Classical Indian Buddhist Philosophy

Chester (John) Powers

    Research output: Chapter in Book/Report/Conference proceedingEntry for encyclopedia/dictionary


    Classical Indian Buddhist philosophy encompasses a vast range of thinkers, schools, and issues. One important tradition is abhidharma (higher doctrine), a scholastic philosophy that examined key elements of Buddhist teaching and developed often elaborate and highly detailed analyses of the psycho-physical elements of existence. Early Buddhism is commonly divided into eighteen philosophical schools—including such influential traditions as Sarvāstivāda, Vaibhāṣika, Sautrāntika, Sthaviravāda, Mahāsāṃghika, and so forth—though more are actually mentioned in Indic sources. Each of these developed its own distinctive philosophical system and engaged in debate with both Buddhist and non-Buddhist rivals. With the rise of Mahayana, new philosophical systems—including the Middle Way school (Mādhyamika), the Yogic Practice school (Yogācāra), and the Epistemological school (Pramāṇa)—developed. Tantric Buddhism added a new stream of philosophical thought that developed the conceptual implications of tantric scriptural texts.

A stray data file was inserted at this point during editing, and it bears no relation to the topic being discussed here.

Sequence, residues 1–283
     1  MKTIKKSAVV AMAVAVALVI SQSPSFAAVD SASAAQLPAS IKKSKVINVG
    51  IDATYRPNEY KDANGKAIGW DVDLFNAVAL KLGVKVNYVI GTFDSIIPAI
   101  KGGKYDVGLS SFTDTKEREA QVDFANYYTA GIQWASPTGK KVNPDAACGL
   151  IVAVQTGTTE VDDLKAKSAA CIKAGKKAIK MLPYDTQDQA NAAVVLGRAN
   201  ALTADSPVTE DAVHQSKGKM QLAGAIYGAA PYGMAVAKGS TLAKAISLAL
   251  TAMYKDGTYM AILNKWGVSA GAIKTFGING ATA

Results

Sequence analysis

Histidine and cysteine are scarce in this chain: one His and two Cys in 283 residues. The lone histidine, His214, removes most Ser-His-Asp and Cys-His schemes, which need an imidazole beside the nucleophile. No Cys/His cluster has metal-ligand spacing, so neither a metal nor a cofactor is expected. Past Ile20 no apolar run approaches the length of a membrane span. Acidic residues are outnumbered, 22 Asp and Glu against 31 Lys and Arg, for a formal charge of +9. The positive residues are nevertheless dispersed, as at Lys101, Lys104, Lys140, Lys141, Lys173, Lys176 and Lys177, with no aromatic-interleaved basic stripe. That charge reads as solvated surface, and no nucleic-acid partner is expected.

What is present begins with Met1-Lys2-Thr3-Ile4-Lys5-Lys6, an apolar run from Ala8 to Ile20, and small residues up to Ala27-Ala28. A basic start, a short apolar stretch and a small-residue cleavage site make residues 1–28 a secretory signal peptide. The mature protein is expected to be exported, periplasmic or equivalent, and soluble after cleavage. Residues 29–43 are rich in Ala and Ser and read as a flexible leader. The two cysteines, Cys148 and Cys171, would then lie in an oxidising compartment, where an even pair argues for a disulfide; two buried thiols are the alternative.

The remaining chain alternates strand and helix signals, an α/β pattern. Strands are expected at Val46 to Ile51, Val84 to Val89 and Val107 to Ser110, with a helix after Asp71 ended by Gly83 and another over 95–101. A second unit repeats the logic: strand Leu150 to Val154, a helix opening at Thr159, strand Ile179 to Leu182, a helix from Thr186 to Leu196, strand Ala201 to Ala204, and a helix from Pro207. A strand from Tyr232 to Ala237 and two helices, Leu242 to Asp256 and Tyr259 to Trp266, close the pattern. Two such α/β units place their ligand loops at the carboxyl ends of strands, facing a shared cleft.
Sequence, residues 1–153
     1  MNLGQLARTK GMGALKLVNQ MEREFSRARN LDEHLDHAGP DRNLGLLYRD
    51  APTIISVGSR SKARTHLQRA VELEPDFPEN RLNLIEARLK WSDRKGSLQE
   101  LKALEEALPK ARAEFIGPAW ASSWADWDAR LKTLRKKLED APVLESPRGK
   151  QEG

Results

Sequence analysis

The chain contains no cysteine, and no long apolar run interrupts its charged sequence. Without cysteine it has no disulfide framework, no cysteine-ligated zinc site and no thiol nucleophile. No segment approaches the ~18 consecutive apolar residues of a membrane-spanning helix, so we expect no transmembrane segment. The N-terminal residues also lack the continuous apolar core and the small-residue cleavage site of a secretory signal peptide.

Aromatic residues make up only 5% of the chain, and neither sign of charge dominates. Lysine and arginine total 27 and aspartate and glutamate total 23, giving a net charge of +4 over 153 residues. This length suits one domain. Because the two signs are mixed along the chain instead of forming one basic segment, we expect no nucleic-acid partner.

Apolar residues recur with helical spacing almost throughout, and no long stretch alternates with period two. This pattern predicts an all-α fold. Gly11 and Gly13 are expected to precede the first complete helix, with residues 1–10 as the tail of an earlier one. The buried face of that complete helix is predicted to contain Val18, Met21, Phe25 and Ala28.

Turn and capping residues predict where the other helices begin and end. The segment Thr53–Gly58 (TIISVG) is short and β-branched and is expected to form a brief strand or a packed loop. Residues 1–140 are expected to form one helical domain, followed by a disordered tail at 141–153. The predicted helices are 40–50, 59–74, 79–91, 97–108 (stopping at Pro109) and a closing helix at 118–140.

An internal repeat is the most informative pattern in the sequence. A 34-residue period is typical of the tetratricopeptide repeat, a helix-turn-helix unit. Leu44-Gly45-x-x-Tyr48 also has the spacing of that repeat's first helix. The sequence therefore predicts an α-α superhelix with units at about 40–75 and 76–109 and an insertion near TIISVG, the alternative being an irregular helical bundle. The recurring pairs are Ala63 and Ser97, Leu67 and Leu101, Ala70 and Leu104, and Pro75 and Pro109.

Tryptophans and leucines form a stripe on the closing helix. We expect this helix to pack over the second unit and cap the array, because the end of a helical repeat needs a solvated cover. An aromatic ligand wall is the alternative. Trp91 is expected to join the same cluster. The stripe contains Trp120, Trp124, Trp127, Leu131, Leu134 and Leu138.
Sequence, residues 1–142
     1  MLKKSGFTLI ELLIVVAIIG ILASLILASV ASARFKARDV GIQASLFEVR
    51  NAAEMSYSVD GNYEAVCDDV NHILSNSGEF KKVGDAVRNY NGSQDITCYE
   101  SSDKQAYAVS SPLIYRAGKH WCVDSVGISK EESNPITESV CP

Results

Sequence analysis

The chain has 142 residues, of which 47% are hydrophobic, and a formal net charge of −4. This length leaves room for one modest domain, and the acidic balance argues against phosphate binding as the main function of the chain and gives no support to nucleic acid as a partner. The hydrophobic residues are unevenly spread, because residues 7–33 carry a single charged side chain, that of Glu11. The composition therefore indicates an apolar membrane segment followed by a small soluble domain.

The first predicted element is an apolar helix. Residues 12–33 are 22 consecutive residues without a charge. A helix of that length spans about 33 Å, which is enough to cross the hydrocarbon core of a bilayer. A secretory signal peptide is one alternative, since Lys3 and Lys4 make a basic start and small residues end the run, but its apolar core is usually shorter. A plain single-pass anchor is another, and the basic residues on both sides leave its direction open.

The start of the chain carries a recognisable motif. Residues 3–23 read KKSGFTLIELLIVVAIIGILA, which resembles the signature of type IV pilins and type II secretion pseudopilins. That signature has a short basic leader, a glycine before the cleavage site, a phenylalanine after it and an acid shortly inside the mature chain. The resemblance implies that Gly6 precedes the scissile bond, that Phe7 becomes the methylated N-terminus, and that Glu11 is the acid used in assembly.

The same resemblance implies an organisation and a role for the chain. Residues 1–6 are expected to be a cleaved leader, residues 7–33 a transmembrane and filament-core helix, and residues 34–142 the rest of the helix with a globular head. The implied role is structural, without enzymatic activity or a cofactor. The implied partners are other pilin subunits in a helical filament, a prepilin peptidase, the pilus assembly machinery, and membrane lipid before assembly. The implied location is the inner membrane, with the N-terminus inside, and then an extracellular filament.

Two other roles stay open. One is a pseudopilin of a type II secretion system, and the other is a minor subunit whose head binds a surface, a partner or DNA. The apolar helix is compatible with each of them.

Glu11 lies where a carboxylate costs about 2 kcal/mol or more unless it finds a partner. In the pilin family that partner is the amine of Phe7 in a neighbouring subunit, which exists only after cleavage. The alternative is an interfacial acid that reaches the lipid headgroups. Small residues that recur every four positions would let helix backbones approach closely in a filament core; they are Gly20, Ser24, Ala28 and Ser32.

Original languageEnglish
    Title of host publicationClassical Indian Buddhist Philosophy
    Editors Robert Repino
    Place of PublicationOnline
    PublisherOxford Bibliography Online
    Publication statusPublished - 2010


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